Among the demerits of Nice, I must also mention the water which is used in the city. It is drawn from wells; and for the most part so hard, that it curdles with soap. There are many fountains and streams in the neighbourhood, that afford excellent water, which, at no great charge, might be conveyed into the town, so as to form conduits in all the public streets: but the inhabitants are either destitute of public spirit, or cannot afford the expense. [General Paterson delivered a Plan to the King of Sardinia for supplying Nice with excellent water for so small an expence as one livre a house per annum; but the inhabitants remonstrated against it as an intolerable Imposition.] I have a draw-well in my porch, and another in my garden, which supply tolerable water for culinary uses; but what we drink, is fetched from a well belonging to a convent of Dominicans in this neighbourhood. Our linnen is washed in the river Paglion; and when that is dry, in the brook called Limpia, which runs into the harbour.
In mentioning the water of this neighbourhood, I ought not to omit the baths of Rocabiliare, a small town among the mountains, about five and twenty miles from Nice. There are three sources, each warmer than the other; the warmest being nearly equal to the heat of the king’s bath at Bath in Somersetshire, as far as I can judge from information. I have perused a Latin manuscript, which treats of these baths at Rocabiliare, written by the duke of Savoy’s first physician about sixty years ago. He talks much of the sulphur and the nitre which they contain; but I apprehend their efficacy is owing to the same volatile vitriolic principle, which characterises the waters at Bath. They are attenuating and deobstruent, consequently of service in disorders arising from a languid circulation, a viscidity of the juices, a lax fibre, and obstructed viscera. The road from hence to Rocabiliare is in some parts very dangerous, lying along the brink of precipices, impassable to any other carriage but a mule. The town itself affords bad lodging and accommodation, and little or no society. The waters are at the distance of a mile and a half from the town: there are no baths nor shelter, nor any sort of convenience for those that drink them; and the best part of their efficacy is lost, unless they are drank at the fountain-head. If these objections were in some measure removed, I would advise valetudinarians, who come hither for the benefit of this climate, to pass the heats of summer at Rocabiliare, which being situated among mountains, enjoys a cool temperate air all the summer. This would be a salutary respite from the salt air of Nice, to those who labour under scorbutical complaints; and they would return with fresh vigour and spirits, to pass the winter in this place, where no severity of weather is known. Last June, when I found myself so ill at my cassine, I had determined to go to Rocabiliare, and even to erect a hut at the spring, for my own convenience. A gentleman of Nice undertook to procure me a tolerable lodging in the house of the cure, who was his relation. He assured me, there was no want of fresh butter, good poultry, excellent veal, and delicate trout; and that the articles of living might be had at Rocabiliare for half the price we paid at Nice: but finding myself grow better immediately on my return from the cassine to my own house, I would not put myself to the trouble and expence of a further removal.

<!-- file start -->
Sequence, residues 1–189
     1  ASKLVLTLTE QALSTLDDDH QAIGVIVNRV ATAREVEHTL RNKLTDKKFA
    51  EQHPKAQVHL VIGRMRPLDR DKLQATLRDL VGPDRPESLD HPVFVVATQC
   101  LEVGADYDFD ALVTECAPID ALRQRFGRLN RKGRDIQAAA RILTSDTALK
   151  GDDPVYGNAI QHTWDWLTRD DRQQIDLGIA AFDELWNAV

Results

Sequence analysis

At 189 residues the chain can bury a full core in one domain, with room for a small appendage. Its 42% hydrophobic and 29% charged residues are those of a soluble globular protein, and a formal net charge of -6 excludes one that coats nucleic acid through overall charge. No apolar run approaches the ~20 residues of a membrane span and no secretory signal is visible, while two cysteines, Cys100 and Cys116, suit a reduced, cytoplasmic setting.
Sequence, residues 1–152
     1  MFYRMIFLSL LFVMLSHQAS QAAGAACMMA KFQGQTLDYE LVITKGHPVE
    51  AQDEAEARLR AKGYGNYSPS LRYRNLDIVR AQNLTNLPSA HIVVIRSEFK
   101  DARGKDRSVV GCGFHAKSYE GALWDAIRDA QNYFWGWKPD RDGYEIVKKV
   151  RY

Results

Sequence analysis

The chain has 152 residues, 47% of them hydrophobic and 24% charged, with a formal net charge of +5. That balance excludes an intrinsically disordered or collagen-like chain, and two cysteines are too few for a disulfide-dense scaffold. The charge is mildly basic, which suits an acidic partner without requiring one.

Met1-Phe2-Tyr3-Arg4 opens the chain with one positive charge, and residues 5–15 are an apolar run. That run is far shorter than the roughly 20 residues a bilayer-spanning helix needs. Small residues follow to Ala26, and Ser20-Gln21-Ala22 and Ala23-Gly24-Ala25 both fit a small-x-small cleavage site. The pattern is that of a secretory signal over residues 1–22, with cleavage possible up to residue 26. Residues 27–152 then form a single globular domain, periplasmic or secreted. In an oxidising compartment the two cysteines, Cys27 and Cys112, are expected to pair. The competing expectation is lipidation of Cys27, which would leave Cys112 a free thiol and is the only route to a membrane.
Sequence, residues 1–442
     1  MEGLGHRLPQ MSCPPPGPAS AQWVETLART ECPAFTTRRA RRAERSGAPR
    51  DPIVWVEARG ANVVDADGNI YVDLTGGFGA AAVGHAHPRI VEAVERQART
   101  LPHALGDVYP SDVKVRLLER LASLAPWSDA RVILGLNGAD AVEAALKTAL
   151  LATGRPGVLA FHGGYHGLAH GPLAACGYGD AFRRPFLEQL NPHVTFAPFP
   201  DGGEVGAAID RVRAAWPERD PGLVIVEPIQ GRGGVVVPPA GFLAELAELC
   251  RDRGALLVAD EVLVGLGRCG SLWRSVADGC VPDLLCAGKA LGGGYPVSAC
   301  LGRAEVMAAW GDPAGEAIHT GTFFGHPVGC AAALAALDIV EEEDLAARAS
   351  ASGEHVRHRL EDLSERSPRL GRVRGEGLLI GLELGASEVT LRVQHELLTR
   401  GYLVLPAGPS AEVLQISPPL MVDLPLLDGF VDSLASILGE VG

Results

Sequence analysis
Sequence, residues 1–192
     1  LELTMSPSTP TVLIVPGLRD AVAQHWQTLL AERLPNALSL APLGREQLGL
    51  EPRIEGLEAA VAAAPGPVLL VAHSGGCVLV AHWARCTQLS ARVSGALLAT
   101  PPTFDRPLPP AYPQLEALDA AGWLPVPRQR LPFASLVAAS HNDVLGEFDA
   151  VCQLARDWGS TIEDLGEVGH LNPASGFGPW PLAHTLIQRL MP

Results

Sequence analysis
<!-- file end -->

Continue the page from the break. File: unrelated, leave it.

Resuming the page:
I think I have now communicated all the particulars relating to Nice, that are worth knowing; and perhaps many more than you desired to know: but, in such cases, I would rather be thought prolix and unentertaining, than deficient in that regard and attention with which I am very sincerely — Your friend and servant.
Last updated Monday, December 22, 2014 at 10:54